Following recent disasters - including Superstorm Sandy, the Boston bombings, and the Hurricane Harvey and Maria - emerged the importance of first responders having reliable and accessible communication and information systems. Despite advances in technology, we continue to see articles , including one recently by The Atlantic about the ongoing struggle to communicate between responders.

Because we wanted to code for social impact and potentially save lives, we created the First-Responder Connect app to transform the way first responders communicate and share information. In turn, the app provides first responders ubiquitous access to data, more reliable coverage, and other resources in order for responders to operate faster, safer and more effectively.

What it does

In crisis management, most of the decision making involves the fundamental problem of propagating and then solving systems of constraints.

This app allows the local government to synchronize exchange of information between responders and effectively coordinate the various stakeholders by pinpointing the disaster location and providing key information such as what resources they have, what resources they need, and any notes at the disaster site like hazards that incoming vehicles should look out for. We designed our app to leverage data-driven services and features to help inform responders about constraints with resources. For evacuees seeking shelter during a crisis, for example, constraints shown include size, capacity, medical capabilities, and location. Additionally, by leveraging satellite-connected mobile communications, this app keeps first responders online and on the move even when terrestrial communication infrastructure is damaged.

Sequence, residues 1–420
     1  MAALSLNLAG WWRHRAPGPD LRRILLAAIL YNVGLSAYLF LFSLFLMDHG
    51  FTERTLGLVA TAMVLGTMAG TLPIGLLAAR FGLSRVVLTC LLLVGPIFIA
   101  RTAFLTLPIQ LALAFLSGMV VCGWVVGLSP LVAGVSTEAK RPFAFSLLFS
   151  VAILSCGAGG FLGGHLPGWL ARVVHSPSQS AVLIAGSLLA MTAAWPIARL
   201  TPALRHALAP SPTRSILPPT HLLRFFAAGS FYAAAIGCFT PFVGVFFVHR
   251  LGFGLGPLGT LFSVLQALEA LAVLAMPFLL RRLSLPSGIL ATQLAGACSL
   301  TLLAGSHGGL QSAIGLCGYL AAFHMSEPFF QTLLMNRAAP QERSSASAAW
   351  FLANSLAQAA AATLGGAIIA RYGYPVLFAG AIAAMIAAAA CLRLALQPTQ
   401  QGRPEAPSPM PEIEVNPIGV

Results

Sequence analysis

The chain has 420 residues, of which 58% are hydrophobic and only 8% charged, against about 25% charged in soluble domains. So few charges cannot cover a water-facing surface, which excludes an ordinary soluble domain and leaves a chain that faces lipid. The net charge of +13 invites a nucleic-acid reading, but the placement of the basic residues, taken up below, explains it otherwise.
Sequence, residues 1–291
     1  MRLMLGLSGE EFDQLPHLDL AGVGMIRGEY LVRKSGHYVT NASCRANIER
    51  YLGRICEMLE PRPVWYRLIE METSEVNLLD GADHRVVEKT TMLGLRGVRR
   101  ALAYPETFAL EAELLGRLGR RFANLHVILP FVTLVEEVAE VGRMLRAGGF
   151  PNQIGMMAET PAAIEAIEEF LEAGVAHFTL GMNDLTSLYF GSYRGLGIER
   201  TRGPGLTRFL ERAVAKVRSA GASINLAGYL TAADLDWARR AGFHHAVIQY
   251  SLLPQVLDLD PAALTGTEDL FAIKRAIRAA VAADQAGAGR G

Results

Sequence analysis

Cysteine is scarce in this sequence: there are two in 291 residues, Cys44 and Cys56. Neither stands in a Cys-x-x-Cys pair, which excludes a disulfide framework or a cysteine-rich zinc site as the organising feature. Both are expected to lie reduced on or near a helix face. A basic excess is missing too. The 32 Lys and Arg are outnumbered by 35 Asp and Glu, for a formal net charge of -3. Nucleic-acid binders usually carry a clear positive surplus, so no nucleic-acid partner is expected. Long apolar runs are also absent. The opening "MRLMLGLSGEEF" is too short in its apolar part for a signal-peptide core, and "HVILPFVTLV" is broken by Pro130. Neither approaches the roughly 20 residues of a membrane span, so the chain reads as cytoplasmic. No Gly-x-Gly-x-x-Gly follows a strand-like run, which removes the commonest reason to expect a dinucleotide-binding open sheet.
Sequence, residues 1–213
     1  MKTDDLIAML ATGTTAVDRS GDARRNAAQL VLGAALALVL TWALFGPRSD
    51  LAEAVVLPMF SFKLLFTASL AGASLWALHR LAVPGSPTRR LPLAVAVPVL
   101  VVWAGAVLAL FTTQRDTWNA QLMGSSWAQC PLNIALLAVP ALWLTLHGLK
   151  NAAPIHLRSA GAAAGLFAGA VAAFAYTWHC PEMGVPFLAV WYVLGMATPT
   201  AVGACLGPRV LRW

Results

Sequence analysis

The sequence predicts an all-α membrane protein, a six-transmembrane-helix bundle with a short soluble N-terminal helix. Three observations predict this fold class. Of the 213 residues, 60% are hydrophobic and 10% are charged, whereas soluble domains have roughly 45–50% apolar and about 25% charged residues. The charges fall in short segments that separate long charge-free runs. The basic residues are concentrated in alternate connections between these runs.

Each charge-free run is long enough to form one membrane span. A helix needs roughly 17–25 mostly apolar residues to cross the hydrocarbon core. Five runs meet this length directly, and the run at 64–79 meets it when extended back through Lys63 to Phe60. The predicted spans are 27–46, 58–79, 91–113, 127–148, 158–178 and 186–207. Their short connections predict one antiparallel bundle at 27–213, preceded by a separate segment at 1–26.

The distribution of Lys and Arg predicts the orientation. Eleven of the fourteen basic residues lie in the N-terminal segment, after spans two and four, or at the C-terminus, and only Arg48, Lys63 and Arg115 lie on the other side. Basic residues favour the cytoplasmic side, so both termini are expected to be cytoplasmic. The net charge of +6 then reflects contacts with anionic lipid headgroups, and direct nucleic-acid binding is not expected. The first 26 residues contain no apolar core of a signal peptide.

How we built it

We used the following technologies:

  • PWA Progressive Web App to build Mobile Application
  • Java Servlet in the Backend
  • Dataset used CMS 2008-2010 Data Entrepreneurs’ Synthetic Public Use File (DE-SynPUF)
  • R Programming on Dataset

Challenges we ran into

Challenges we encountered include:

  • coding features and functions we had never coded before and using documentation to assist us
  • communicating in common terms, given the different structures and lingo that comes with using different languages and technologies

Accomplishments that we're proud of

We're proud of:

  • effectively leverage each other's interdisciplinary strengths
  • figuring out how to integrate various technologies into one project

What we learned

We learned various lessons, including:

  • sharing information from one language to another and integrating various technologies into one project
  • collaborating directly with potential users is important, because end users can bring up design concerns as well as knowledge and expertise on rules and regulations governing what they can do and how that extends to the product
  • being able to pivot on ideas to enhance the final product

What's next for First-Responder Connect

The app can be further developed to address other areas first responders have identified as features or services that can be useful. These include:

  • locating children and reuniting them with their families
  • panic alarms to alert nearby communities
  • developing an algorithm to create an area/block evacuation plan

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